5 Reasons Not to Borrow from Your 401k

Should I Borrow From My 401k

Should I borrow from my 401k?

Times are tough for some.

But are they tough enough to resort to borrowing from your 401k?

Does a job loss warrant this kind of move?

I guess, like all personal finance, it really depends on your particular situation.

Still, generally speaking, the 401k should likely not be looked at as a normal, everyday way of financing a lifestyle that’s above your normal means. This means no borrowing to buy a boat, new TV, or for a home improvement.

If you want those things, it would be wiser to just save up the money in a savings account.

Need some convincing? Here’s a few reasons not to borrow from your 401k:

It’s For Your Retirement

The whole reason you set this account up to begin with was to save money for your retirement. If you’re not retired yet, just leave this money alone. Had you set some money aside to borrow from at a later point, I’d say go ahead.

But this is your 401k. Just leave the money, and your original intentions alone.

It Won’t Be There For a Real Emergency

If you yank that money from the 401k now using a loan option to finance some frivolous purchase, and then everything hits the fan, you’re left in a tough spot. Leave that money alone and save the loan option as a extreme last resort.

The Borrowed Money is Not Growing

Money that isn’t in the 401k account (the borrowed amount) can no longer see investment growth. It’s gotta be there to be earning for your retirement. This is long-term investing we’re dealing with here. Letting it ride is key. Moving money in and out defeats the purpose.

The Loan is Tied to Your Job

This is one of the more obvious reasons for staying away from the 401k loan. If you leave your job for any reason, most companies will require you to pay that loan back at a much faster rate, or even immediately. You don’t want to be stuck holding this loan if you get canned.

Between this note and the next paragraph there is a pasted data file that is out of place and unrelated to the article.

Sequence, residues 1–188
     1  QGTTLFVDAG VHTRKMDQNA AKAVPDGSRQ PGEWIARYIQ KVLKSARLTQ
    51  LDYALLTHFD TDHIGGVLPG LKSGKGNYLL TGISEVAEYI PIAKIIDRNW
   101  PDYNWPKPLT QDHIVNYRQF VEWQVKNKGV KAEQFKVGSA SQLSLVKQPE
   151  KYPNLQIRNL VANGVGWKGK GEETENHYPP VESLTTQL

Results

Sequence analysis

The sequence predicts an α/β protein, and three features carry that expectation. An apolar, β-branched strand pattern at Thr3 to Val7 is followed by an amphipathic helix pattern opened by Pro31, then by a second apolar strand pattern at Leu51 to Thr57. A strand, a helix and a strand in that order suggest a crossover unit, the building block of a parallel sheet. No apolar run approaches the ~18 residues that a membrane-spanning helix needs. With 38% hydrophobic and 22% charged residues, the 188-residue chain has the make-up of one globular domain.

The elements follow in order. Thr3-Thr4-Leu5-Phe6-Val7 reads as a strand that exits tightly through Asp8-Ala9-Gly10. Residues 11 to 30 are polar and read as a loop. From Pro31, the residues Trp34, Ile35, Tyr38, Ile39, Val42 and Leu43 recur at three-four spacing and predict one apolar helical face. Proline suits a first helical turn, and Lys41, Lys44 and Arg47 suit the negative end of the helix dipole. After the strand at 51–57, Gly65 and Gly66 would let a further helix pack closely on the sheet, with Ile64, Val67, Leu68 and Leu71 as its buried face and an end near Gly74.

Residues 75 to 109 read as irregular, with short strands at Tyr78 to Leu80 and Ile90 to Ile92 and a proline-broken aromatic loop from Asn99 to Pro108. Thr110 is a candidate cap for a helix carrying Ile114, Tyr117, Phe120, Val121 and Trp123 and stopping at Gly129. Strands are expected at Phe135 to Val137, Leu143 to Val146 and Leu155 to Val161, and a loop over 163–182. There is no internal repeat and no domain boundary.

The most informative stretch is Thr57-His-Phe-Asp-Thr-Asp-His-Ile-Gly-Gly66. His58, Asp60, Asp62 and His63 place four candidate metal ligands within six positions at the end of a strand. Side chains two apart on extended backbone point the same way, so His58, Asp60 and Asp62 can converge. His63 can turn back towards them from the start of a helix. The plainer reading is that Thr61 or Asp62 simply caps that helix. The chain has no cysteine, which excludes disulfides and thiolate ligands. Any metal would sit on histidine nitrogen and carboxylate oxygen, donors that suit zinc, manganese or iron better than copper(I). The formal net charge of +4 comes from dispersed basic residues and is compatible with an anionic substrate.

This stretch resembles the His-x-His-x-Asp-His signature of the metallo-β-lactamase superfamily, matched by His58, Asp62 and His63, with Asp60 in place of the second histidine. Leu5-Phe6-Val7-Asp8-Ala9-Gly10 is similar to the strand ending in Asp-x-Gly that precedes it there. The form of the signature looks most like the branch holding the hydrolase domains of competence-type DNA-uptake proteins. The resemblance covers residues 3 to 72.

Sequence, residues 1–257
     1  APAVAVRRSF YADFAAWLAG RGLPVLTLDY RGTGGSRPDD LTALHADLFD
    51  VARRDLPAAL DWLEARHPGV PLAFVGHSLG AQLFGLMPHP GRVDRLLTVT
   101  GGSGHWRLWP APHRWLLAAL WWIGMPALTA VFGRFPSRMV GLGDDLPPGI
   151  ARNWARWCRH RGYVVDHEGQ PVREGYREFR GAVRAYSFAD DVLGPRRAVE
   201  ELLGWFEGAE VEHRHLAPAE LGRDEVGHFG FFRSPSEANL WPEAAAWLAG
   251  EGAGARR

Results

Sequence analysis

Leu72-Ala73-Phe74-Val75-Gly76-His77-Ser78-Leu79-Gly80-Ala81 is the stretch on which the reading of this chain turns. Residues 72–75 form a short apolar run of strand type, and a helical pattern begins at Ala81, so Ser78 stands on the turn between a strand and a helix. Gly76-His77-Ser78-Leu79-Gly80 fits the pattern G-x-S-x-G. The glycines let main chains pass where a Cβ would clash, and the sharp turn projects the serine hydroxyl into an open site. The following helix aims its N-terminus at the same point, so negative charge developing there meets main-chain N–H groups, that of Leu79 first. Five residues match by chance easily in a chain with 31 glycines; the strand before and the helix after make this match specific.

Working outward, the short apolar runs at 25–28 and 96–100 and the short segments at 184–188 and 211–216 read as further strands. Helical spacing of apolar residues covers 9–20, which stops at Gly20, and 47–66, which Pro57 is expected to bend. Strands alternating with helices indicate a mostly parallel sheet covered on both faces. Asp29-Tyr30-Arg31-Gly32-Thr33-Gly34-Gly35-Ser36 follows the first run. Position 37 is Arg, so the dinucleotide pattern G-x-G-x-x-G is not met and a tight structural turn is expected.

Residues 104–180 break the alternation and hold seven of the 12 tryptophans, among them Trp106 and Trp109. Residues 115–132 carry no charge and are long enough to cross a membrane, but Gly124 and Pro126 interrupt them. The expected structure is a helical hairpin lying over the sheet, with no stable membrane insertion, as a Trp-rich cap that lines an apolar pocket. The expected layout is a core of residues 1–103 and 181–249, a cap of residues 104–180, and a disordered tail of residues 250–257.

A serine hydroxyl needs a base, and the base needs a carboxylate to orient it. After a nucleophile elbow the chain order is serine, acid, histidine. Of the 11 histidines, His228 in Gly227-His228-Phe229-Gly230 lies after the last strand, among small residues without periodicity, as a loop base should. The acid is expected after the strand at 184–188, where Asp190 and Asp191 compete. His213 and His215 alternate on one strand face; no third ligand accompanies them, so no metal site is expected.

Remember, you borrowed because you didn’t have enough money to begin with. So what makes you think you’ll be able to pay it back quickly? Studies show that a majority of the people who leave their job with an outstanding 401k loan, end up in default.

Fees and Contributions Limits

Some company plans require that you stop contributing to your 401k once you borrow from it. Also, some plans tack on fees to the loan payments. These are definitely things you want to avoid.

My Experience

I was tempted to borrow from my 401k a couple of years back when we were saving up for our first home down payment. I was worried we would need a small 401k loan to get us over the 20% mark. The option to borrow was definitely very enticing.

But in the end, I decided to leave the money alone. And you know, we ended up being able to save the 20% anyway by working a bit harder at spending less.

So that’s my take, what’s yours? Should you borrow from your 401k?




Last Edited: May 6, 2013 @ 2:35 pm
About Philip Taylor

Philip Taylor, aka "PT", is a husband and father of two. He created PT Money back in 2007 to share his thoughts on money and to meet others passionate about managing their finances. All the content on this blog is original, and created or edited by PT. Read more about Philip Taylor, and be sure to connect with him on Twitter, Facebook, or view the Philip Taylor+ Google profile.

Comments

  1. Bob at Dollar And Dollar says:

    Retirement accounts are intended for post retirement. i agree with all your reasons not to take loan from 401k account.

  2. bank deals says:

    If I take out a loan against my 401k will it affect my credit rating?
    I’m thinking of buying a home and wanted to consolidate some bills beforehand and was wondering if this would have any neg affects.

  3. Also, you put money into a 401(k) before taxes. If you take a loan you pay it back after taxes! In essence it takes more money to pay it back.

  4. Let me speak from the experience of someone who HAS borrowed from my 401K.